You’ve made it from beverage idea to approved commercial formula, and you’re ready to get out there and start selling. But what’s the best way to move forward as you prepare for a full-scale launch and brand growth? There are a lot of factors to consider including your go-to-market strategy, timeline, budget, investors, and appetite for risk. While some beverage entrepreneurs start with a minimum viable product (MVP) (a product with just enough features to get feedback for further development) and others leap into full-scale production, there is a middle ground. Pilot runs, also known as small-scale runs, or small-scale production, allow new companies, or established companies with new products, to produce a small-quantity on licensed, industrial, commercial-grade equipment for sampling, market testing, and product validation. While each option has its benefits and drawbacks, there are a handful of reasons to take a look at investing in a pilot run before your next launch.
1. Overall Cost
Although the cost per case for pilot manufacturing is typically more than it would be for a full-scale production run, the overall investment is much less and also less risky. A typical full-scale production run is about 10,000 cases and all-in-costs start at about $200,000. In contrast, you can do a pilot run of 50-60 cases for approximately $20,000. Stepping into things with a smaller investment for the same quality product at a more manageable quantity is a smart move, especially for companies who don’t have prior beverage experience or who are still securing sales. It is helpful to think of this investment as an opportunity to button up the details and iron out any snags that may arise before investing a much larger sum in a production run.
2. Risk Reduction
A pilot run builds in a cushion to absorb some of the risks that inevitably come along with executing the first run of your beverage. It is extremely rare for the first run of any beverage to go perfectly with no unforeseen changes. Sometimes it’s just a small tweak or adjustment, but other times a major change needs to be made, and you’re lucky if it’s something that doesn’t require you to scrap or re-pack an entire run. We’ve seen everything from incorrect UPC numbers to unexpected liquid changes due to pasteurization. Finding those things out during a pilot run is a lot less painful than having to stop production or recall a large run of thousands of cases of product.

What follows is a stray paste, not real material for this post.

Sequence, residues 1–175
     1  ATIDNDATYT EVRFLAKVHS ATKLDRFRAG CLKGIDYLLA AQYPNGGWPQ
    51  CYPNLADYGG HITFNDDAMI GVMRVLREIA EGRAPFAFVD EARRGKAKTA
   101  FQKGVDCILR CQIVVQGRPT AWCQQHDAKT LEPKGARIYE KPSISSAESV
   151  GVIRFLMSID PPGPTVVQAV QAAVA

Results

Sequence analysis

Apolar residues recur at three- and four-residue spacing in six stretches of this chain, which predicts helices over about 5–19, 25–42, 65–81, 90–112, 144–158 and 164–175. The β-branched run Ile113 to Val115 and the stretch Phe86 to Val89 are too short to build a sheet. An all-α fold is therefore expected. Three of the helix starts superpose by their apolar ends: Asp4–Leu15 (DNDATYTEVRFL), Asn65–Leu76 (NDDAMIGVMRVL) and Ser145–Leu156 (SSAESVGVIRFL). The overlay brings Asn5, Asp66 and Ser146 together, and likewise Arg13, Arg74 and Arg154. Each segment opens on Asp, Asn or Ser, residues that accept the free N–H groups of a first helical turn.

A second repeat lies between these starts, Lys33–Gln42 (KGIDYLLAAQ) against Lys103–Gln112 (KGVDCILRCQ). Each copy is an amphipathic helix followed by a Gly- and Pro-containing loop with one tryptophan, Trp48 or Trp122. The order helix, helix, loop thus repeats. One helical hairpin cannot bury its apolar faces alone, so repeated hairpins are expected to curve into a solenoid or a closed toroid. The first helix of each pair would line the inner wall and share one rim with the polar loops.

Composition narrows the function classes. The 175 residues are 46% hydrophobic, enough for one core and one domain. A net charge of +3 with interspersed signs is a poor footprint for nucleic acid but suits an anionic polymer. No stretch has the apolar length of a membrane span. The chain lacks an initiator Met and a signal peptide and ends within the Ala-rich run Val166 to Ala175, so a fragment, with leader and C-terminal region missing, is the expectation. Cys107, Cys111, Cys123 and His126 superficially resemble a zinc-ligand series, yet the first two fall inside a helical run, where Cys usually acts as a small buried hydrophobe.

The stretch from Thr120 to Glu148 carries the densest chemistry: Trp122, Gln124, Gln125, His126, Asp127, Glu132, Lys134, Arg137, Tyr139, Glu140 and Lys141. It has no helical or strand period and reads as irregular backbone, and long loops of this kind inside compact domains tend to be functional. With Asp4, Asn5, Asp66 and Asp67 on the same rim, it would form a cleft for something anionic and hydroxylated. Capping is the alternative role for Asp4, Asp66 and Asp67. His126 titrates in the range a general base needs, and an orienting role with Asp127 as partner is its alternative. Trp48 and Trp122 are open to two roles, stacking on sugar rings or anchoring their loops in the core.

3. Professional Presentation
Entrepreneurs will sometimes take bench samples from their flavor house, along with a mockup of their packaging, to their sales and investor meetings. While this low-cost option can work, this approach has some definite downsides when it comes to representing your product and your brand. First of all, bench samples will not match the properties and quality of products produced on professional equipment. With many flavor houses simulating pasteurization and not always carbonating to production levels, there are bound to be differences between your samples and your commercially-produced product. While you can explain the potential and desired output, it is far more impactful to show a final, salable product in the actual packaging. The polished look and accompanying testing and production data that go along with a well-executed pilot run, leave a positive impression of your business with investors, distributors, and retailers.
4. Real-life Learning
There is a lot to know about the world of beverage production processes, practices, and terminology. You can study and ask questions, but there is no better place to learn than during an actual run. A pilot run lets you see things closer at a slower pace and offers more opportunities to ask questions. Once you turn things over to a co-packer for full-scale production things move fast, time is money, and the goal is to maximize efficiency. Everything you learn during your pilot run you can use to make your next levels of production smoother and more successful.
Getting a co-packer to take on your project takes more work and knowledge than most people realize. When you can approach a co-packer with the details for how you plan to scale up your production along with data and information from a pilot run, they will be much more likely to know if they are a good fit for what you’re looking for. Understanding how you approached your pilot run helps the co-packer plan out capacity and makes them more likely to take on your project.
A bonus is that doing a pilot run of your beverage can be a lot of fun. You get the opportunity to take a hands-on role in bringing the first salable prototype of your beverage to life. There is no better way to show proof of concept and build your confidence and the support of your investors than to invest in a pilot run. A good pilot facility will add expertise and value and will become another tool you can use to launch the most successful beverage possible.